Kyrsten Sinema Earned One-Third of Donations Since 2021 From Corporate PACs

Over one-third of all campaign contributions to Democratic Arizona Senator Kyrsten Sinema have reportedly come from corporate political action committees (PACs).

Sinema has taken in $2.5 million from corporate PACs since 2021, including from those linked to companies actively lobbying against corporate tax increases, according to an article published Tuesday by the Arizona Mirror. During the same period, the senator has opposed attempts to raise corporate taxes, efforts that are supported by President Joe Biden and most of Sinema's Democratic colleagues.

An analysis from the Mirror found that Sinema's campaign had received almost $2 million in corporate money, while her own Getting Stuff Done PAC had accepted $567,000 between January 1, 2021, and March 31, 2022. Her campaign raised over $5.8 million in total during the same time, while her PACs received just under $1.1 million.

Sinema's campaign may have received significantly more contributions from those with corporate interests, since the outlet's figures do not include donations from executives or individual company employees. The campaign has reportedly received donations from companies that include Amazon, Merck, Intel and Honeywell.

Kyrsten Sinema Campaign Contributions Corporations Democratic Report
Over one-third of campaign contributions to Democratic Arizona Senator Kyrsten Sinema reportedly came from corporate PACs. Sinema is pictured while watching President Joe Biden deliver his State of the Union address in Washington, D.C., on March 1, 2022. Al Drago/Getty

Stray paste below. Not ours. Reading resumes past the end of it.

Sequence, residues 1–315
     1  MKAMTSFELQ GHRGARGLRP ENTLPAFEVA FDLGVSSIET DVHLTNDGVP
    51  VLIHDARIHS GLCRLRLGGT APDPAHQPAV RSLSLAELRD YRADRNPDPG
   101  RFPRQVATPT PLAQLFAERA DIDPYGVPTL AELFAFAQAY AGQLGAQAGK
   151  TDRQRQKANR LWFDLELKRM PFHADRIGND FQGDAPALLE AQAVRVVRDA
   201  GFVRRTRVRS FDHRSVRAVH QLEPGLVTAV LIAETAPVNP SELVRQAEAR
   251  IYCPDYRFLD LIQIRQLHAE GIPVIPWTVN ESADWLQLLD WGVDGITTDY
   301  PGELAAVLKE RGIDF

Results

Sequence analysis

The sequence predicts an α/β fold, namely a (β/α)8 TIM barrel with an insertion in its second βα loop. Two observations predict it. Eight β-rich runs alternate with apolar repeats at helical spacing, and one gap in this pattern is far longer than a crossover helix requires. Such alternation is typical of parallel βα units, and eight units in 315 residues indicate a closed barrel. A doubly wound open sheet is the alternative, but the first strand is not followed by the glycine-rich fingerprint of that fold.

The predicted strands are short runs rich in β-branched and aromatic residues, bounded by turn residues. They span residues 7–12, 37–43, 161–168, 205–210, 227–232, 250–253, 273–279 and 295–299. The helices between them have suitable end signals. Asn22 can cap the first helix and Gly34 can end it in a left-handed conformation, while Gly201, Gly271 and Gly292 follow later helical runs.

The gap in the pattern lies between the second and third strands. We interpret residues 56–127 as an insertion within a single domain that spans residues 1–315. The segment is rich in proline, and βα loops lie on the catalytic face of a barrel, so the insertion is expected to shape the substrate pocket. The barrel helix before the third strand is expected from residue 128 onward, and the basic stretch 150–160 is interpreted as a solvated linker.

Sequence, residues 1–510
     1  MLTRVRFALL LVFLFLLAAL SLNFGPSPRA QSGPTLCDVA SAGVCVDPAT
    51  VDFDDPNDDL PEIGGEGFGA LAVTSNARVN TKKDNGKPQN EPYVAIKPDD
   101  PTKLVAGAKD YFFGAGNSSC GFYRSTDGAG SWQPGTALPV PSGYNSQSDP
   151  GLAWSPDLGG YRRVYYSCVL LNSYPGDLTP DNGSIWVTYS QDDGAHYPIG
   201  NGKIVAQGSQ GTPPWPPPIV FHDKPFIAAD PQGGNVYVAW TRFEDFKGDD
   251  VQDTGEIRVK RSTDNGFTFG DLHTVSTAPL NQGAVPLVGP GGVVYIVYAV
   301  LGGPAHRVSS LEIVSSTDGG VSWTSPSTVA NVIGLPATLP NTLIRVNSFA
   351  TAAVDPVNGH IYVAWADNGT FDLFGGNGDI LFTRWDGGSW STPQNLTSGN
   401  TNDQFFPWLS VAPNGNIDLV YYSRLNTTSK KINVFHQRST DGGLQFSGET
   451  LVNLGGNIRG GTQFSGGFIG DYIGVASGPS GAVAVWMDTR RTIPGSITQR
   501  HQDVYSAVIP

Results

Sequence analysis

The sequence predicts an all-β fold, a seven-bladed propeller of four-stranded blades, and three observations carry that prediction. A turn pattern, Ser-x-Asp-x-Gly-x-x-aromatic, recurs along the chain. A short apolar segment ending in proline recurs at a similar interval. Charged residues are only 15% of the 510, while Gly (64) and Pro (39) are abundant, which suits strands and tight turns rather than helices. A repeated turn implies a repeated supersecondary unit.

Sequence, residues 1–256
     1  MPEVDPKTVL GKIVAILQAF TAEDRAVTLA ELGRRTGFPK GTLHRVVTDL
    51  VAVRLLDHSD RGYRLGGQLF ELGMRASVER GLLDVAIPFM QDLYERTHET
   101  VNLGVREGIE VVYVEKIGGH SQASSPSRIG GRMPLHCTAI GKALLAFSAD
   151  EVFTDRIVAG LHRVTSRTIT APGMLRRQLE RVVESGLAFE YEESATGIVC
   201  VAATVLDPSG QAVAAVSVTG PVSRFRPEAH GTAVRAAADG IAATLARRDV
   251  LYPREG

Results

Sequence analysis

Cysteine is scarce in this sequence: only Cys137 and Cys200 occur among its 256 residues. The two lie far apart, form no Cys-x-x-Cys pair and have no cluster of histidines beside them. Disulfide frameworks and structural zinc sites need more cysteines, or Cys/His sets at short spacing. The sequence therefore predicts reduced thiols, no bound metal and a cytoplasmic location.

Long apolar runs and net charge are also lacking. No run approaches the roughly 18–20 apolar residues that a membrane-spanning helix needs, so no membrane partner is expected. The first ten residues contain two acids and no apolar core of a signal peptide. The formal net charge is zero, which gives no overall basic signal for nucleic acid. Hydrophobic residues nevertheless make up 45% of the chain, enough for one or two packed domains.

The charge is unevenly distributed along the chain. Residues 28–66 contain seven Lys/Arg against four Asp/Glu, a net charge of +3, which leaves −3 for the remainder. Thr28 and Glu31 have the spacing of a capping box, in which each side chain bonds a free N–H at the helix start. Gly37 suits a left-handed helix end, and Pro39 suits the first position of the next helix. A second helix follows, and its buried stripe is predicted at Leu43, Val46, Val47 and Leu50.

During a private Arizona Chamber of Commerce event last month, Sinema said that she was "opposed to raising the corporate minimum tax rate," according to The Arizona Republic, and would refuse to back "any tax policies that would put a brake on any type of economic growth or forestall business and personal growth for America's industries."

Despite the senator's apparent current opposition to raising corporate taxes, a 2018 campaign ad from Sinema blasted her Republican opponent Martha McSally for supporting "huge tax breaks for the wealthy and large corporations at the expense of our middle class."

Hannah Hurley, Sinema's communications director, told the Mirror that the senator's comments last month were about her opposition to raising overall tax rates for corporations and did not represent a reversal of her past support for establishing a 15 percent minimum corporate tax rate.

Sinema has faced heavy criticism for a perception that she, alongside fellow moderate Democratic Senator Joe Manchin of West Virginia, is aiding Republicans and blocking the Biden administration's agenda by refusing to back key Democratic legislation or support changing Senate filibuster rules.

Arizona's other Democratic U.S. Senator, Mark Kelly, who will be on the ballot in this year's midterm elections, has pledged to not accept any money from corporate PACs. Alongside Democratic Georgia Senator Jon Ossoff, Kelly also introduced a bill to that would ban for-profit corporate PACs earlier this year.

Sinema is not up for reelection until 2024, when many expect her to face a Democratic primary challenger. A poll released in February found that Democratic Arizona U.S. Representative Ruben Gallego, who is rumored to be considering a 2024 run for the Senate, had a substantial lead over Sinema.

Newsweek reached out to Sinema's office and the Sinema campaign for comment.